LANDER, Wyo. — The U.S. Fish and Wildlife Service today announced more than $10.5 million in fiscal year 2024 funds from President Biden’s Bipartisan Infrastructure Law to support 59 strategic projects in Western states focused on habitat restoration and on-the-ground science.
Through President Biden’s Investing in America agenda, the Department of the Interior is implementing more than $2 billion in investments to restore our nation’s lands and waters and advance the America the Beautifulinitiative to restore and conserve 30% of lands and waters by 2030. To guide these historic investments, the Department released a restoration and resilience framework earlier this year to support coordination across agency restoration and resiliency programs and drive transformational outcomes, including a commitment to defend and grow ecosystems. By working collaboratively with farmers and ranchers, state and local leaders, Tribal Nations, the outdoor recreation community, private landowners, and other stakeholders, the Department is working to build ecological resilience in core habitats and make landscape-scale restoration investments across sagebrush country
“These sagebrush projects will combat invasive grasses and wildfire, reduce encroaching conifers, safeguard precious water resources for neighboring communities and wildlife, and promote community and economic sustainability,” said Service Director Martha Williams. “As we continue to work alongside our partners on projects that are conserving the sagebrush ecosystem, we are creating good-paying jobs which bolster local economies, and we are strengthening important relationships between the Service, states and Tribes in these landscapes.”
Spanning over 175 million acres, sagebrush country contains biological, cultural and economic resources of national significance. It is home to more than 350 species across the West, including pronghorn, elk, mule deer and greater sage grouse. America’s sagebrush ecosystem is the largest contiguous ecotype in the United States, comprising one-third of the land mass of the lower 48 states.
Service Deputy Director Siva Sundaresan made today’s announcement at an event at the Wind River Indian Reservation. In fiscal year 2024, over $1 million of the more than $10.5 million in this funding will be directly invested in conservation delivery work with Tribal partners. Some examples include:
Wind River Indian Reservation Riparian Fencing (Wyo.), $300,000. The goal of this project is to construct approximately 8.1 miles of new, wildlife-friendly fence to exclude cattle from important mesic areas, while also installing solar wells and livestock tanks to provide off-stream livestock water. The project will be completed in cooperation with the Eastern Shoshone and Northern Arapaho tribes.
Invasive Annual Grass Management Collaborative (Wyo.), $584,763. The goal of this project is to manage invasive annual grass and defend about 100,000 acres of high-quality sagebrush habitats on mixed-ownership lands in Wyoming. Partners include the Eastern Shoshone and Northern Arapaho tribes, the State of Wyoming, U.S. Department of Agriculture, local government and private landowners.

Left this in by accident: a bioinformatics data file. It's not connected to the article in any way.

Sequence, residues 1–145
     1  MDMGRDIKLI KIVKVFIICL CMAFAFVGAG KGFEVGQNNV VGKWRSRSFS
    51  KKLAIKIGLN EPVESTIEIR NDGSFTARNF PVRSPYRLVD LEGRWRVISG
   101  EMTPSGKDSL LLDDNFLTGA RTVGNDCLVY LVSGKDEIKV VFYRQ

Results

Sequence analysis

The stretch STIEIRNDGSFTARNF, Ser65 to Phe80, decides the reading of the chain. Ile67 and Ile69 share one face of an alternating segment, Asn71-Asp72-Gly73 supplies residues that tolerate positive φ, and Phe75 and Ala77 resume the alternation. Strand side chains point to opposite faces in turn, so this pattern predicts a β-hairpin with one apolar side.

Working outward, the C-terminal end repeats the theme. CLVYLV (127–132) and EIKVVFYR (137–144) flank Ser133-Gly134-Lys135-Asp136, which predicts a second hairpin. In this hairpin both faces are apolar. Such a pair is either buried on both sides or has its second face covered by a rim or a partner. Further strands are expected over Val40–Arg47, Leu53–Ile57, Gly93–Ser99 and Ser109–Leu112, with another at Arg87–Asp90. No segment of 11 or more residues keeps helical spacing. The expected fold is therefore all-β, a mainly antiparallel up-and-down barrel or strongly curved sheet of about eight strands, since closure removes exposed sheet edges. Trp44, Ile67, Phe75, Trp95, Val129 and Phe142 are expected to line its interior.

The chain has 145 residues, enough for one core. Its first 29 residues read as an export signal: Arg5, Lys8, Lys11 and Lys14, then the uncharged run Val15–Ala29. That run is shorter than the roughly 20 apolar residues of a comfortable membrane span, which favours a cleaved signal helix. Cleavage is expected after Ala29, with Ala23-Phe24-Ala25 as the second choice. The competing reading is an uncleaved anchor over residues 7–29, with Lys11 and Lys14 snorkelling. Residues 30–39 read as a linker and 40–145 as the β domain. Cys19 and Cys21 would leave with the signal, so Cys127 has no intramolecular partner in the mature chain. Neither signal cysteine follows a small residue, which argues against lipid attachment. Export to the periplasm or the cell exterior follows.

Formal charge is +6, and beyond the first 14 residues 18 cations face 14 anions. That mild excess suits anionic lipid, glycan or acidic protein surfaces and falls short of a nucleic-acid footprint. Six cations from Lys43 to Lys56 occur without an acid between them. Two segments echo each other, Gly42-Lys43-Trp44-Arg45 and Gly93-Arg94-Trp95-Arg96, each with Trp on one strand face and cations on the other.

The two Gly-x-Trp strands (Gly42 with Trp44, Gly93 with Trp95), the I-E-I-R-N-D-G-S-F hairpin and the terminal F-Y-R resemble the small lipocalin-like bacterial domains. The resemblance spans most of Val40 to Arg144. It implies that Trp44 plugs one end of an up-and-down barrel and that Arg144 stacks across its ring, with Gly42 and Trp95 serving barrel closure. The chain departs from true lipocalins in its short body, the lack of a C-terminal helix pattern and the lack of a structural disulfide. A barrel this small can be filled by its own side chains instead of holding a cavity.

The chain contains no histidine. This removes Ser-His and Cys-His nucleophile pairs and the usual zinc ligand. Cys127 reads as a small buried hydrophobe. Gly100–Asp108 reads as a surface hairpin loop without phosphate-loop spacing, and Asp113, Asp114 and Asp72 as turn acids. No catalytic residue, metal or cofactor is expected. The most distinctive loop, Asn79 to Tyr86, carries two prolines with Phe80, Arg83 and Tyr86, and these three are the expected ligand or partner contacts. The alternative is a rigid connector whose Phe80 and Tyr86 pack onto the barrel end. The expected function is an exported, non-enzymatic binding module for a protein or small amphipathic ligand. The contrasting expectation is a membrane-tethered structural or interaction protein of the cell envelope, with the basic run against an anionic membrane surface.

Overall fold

Northwestern Nevada Large-Scale Rangeland Restoration (Nev.), $303,000. The goal of this project is to reduce the spread of invasive annual grasses through herbicide application and native seeding, which will improve overall rangeland conditions in and around core sagebrush habitats in northwestern Nevada. This project is in collaboration with the Summit Lake Paiute Tribe and Nevada Department of Wildlife.
See a full list of fiscal year 2024 projects on the Sagebrush Conservation website.
The Service is committed to working with local communities, state and federal agencies, Tribes, conservation groups and private sector partners to ensure they have the tools they need to conserve these important areas. Sagebrush funding is allocated to existing and new projects based on priorities established by the Service’s Sagebrush Ecosystem Team and partners, including the Western Association of Fish and Wildlife Agencies. The SET, WAFWA and others are using the Sagebrush Conservation Design – a landscape-scale tool to prioritize conservation investments in sagebrush -- to collaboratively defend and grow intact, functioning sagebrush geographies and mitigate the primary threats to sagebrush ecological health, namely invasive grasses and wildfire, drought and encroaching conifers. By anchoring conservation in these areas, the Service and its partners can focus on working to restore degraded lands and habitat through the “Defend the Core, Grow the Core” approach endorsed by the Western Governors Association and a growing number of partners working across the West.
This announcement comes as the Service celebrates the 50th anniversary of the Endangered Species Act and its importance in preventing imperiled species’ extinction, promoting the recovery of wildlife, and conserving the habitats upon which they depend. Throughout the last 50 years, the ESA has been extraordinarily effective at preventing species from going extinct and has inspired action to conserve at-risk species and their habitat before they need to be listed as threatened or endangered. Thanks to the ESA, almost every single species that has been protected by the ESA is still with us today, and more than 100 species of plants and animals have been delisted due to recovery or downlisted from endangered to threatened.
To learn more about the Endangered Species program, please visit the U.S. Fish and Wildlife Service’s Endangered Species webpage.
The U.S. Fish and Wildlife Service works with others to conserve, protect and enhance fish, wildlife, plants and their habitats for the continuing benefit of the American people. For more information, visit www.fws.gov and connect with us on social media: Facebook, Instagram, Twitter, LinkedIn, Flickr and YouTube.